Trump’s pious regard for his instincts is further evidenced in his approach to speeches. He improvises (just like Hitler did in his speeches, the ones Trump’s ex-wife said he liked to keep near the bed). When he attacked Carson last week, at the tail end of a ninety-minute unscripted speech, Trump clearly hadn’t given it any more forethought than a note written in ink on the palm of his hand to “remember to attack Carson.” In the immediate wake of the speech, commentators—slow to learn—were quick to call it the “beginning of the end” for TRUMP 2016. The latest polls show him now pulling well clear of his nearest Republican rival, the soft spoken, befuddled brain surgeon.
What else is improvisation but the purest possible adherence to instinct? “You don’t want a scripted president!” Trump told an Iowa audience a few months back. “Look at all the cameras blazing there. This is live, all over the place. We’re on Fox, CNN,” he went on, before brandishing an invisible script. “Look, there’s nothing” (Another messenger from nothingness?)
There is, I would suggest, a kind of theology at the heart of all this, that of any improviser—from Lenny Bruce to Charlie Parker to Adolf Hitler—the belief that the best decisions are made in the moment. Excessive premeditation, or consultation, these only blunt the cutting edge of genius, which expresses itself (in certain select souls) via instinct and cunning.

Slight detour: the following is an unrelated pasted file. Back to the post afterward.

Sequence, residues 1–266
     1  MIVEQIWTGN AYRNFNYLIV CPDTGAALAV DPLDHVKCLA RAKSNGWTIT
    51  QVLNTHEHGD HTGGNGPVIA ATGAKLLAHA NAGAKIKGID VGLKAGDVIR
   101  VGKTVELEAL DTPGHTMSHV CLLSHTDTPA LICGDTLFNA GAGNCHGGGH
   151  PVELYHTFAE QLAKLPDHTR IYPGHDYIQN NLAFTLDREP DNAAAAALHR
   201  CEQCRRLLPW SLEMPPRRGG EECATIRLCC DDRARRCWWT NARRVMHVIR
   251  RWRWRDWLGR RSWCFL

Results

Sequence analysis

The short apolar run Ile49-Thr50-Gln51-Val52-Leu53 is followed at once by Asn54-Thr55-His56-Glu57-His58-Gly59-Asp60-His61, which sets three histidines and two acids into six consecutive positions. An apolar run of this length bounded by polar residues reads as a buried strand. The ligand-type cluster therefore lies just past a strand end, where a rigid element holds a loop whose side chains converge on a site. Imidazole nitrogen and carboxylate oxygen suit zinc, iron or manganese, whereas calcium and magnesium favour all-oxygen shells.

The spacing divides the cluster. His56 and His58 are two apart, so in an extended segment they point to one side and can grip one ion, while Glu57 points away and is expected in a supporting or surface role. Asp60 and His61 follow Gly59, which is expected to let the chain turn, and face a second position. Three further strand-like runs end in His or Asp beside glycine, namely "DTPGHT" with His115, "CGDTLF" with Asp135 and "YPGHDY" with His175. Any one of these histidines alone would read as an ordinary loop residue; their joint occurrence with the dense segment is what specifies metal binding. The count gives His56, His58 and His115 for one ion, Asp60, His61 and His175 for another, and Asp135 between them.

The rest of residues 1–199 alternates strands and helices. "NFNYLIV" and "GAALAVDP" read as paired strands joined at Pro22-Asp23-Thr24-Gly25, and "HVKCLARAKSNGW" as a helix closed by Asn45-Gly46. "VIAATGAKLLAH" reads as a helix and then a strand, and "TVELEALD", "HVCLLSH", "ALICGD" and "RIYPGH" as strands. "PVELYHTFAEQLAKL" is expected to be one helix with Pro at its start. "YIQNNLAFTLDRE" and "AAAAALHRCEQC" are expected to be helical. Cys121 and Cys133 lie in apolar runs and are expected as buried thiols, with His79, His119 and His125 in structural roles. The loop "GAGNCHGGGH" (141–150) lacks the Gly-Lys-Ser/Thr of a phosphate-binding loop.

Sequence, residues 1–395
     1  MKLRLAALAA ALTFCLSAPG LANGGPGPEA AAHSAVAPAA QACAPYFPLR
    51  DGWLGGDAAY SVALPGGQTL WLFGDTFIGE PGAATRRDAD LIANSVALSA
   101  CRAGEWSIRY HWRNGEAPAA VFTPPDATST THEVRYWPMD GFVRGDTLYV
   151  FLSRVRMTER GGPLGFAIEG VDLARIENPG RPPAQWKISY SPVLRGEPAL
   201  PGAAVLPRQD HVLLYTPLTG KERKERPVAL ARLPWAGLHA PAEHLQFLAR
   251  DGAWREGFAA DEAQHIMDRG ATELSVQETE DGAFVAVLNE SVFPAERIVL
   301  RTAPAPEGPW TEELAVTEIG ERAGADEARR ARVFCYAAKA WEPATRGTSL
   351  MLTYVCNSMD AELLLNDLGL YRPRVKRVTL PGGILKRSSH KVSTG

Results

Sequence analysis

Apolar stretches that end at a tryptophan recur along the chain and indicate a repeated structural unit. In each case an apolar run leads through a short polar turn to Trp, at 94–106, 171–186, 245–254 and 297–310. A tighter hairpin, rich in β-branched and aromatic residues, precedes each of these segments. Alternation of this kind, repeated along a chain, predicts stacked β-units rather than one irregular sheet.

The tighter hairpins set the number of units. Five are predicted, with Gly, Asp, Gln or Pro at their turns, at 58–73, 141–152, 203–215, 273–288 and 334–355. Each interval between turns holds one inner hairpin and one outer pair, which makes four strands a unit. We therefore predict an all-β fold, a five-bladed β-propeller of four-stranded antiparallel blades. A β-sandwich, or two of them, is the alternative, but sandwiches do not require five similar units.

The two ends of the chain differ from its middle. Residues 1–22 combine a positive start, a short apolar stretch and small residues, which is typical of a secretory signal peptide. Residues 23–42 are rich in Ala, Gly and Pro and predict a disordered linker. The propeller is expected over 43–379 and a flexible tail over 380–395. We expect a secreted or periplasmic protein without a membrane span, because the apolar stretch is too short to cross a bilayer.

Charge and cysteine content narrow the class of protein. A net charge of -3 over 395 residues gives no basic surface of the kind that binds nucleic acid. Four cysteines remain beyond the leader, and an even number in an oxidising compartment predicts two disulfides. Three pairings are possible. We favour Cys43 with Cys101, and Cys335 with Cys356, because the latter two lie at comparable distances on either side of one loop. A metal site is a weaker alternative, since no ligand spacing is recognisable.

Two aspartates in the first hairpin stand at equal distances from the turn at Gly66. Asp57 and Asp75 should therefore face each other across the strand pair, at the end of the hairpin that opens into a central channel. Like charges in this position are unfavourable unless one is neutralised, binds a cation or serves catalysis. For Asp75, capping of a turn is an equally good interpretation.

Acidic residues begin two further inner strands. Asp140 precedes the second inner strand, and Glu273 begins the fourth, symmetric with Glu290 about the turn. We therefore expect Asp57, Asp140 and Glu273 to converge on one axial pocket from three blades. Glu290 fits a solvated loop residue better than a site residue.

Yes, a vote for Trump is a vote for divination – for this is precisely what he is alluding to what he spoke of “good locations” and having a “feel” for the timing of significant global events. Here is a man convinced of the magical acumen of his intuition. It has after all already made him billions upon billions of dollars, and it is this intuition—this abnormal winning faculty, as he would have it—that Trump offers in lieu of policy, political affiliation, character, or any of the other usual ingredients that go into a presidential pie. He might be out of his depth, sure, but he’s got his instincts!
When Trump holds his invisible script, he is mocking the existing political alternative—everyone else—a Washington made up of lobbyists, focus groups, special advisors, academics, public relations… a kind of collective antithesis of instinct: premeditation, forethought, rationalization, logic. In dominating the Republican race as he has, furthermore (doing so, indeed, at minimal expense to himself), Trump is explicitly offering the voter an example of his ability to make successful moves which are invisible to everyone but him.
What’s for good for Trump, of course, is by no means what’s good for the rest of us, but the thing is, his instincts really are impressive, and you don’t have to think he would make (as he might put it) the winningest president ev-er, to concede as much.
Yes, Trump is doing a disconcertingly effective job—thus far—of improvising his way from being considered a laughing stock with appalling hair to the most powerful man in the world.